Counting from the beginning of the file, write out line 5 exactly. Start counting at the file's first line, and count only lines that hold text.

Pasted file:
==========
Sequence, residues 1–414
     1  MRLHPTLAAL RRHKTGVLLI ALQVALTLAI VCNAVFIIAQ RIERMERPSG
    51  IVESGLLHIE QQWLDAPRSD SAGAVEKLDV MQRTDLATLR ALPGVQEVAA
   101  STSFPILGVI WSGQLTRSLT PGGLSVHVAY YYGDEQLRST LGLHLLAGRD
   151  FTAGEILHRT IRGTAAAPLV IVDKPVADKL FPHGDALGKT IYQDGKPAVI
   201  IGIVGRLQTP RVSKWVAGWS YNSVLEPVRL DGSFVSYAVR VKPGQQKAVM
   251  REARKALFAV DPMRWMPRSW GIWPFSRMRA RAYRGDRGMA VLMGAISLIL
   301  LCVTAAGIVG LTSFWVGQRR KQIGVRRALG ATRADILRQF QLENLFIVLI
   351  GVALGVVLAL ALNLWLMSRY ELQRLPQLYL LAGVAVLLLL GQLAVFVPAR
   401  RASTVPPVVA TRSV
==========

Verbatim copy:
   151  FTAGEILHRT IRGTAAAPLV IVDKPVADKL FPHGDALGKT IYQDGKPAVI